In addition, these proposals would require plans and issuers to 
make public negotiated rates of in-network providers and historical 
allowed amounts paid to out-of-network providers for all covered items 
and services. The Departments are of the view that these requirements 
would ensure that all consumers have the pricing information they need 
in a readily accessible format, which could inform their choices and 
have an impact on the disparities in health care costs. Public 
availability of information on in-network provider negotiated rates and 
allowed amounts for out-of-network services would allow consumers who 
wish to shop between plans to better understand what the cost of their 
care from a particular provider would be under each plan or policy. 
Furthermore, the Departments are of the view that the availability of 
price information to the public would empower the 28.5 million 
uninsured consumers \93\ to make more informed health care decisions. 
Public availability of this information would also allow third-party 
developers to provide consumers more accurate information on provider, 
plan and issuer value and ensure that such information is available to 
consumers where and when it is needed (for example, via integration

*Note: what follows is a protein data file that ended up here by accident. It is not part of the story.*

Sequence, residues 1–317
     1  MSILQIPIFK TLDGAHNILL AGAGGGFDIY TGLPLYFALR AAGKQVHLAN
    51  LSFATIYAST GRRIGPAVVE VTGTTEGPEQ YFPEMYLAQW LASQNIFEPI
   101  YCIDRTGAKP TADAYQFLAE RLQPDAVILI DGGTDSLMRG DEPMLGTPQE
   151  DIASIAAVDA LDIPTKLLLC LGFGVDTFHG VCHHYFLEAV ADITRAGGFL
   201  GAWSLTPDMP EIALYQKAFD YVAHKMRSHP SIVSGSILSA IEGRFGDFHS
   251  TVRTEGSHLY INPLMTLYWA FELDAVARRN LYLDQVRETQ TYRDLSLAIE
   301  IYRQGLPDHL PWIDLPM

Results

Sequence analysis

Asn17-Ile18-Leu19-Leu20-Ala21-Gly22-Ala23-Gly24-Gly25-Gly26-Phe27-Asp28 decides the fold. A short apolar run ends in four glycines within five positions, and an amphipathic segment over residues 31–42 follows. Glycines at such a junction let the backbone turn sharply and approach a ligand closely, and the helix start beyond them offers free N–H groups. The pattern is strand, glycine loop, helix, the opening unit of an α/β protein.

into electronic health records, price transparency tools, and consumer 
mobile applications).
---------------------------------------------------------------------------

    \93\ This is based on 2017 uninsured data from Keith, K. ``Two 
New Federal Surveys Show Stable Uninsured Rate.'' Health Affairs 
Blog. September 13, 2018. Available at: https://www.healthaffairs.org/do/10.1377/hblog20180913.896261/full/.
---------------------------------------------------------------------------

1. Impact Estimates of the Transparency in Coverage Provisions and 
Accounting Table
    This NPRM sets forth proposed requirements for group health plans 
and health insurance issuers to disclose to a participant, beneficiary, 
or enrollee, his or her cost-sharing information for covered items or 
services from a particular provider or providers. This NPRM also 
includes proposals to require plans and issuers to disclose in-network 
provider-negotiated rates and historical allowed amounts for out-of-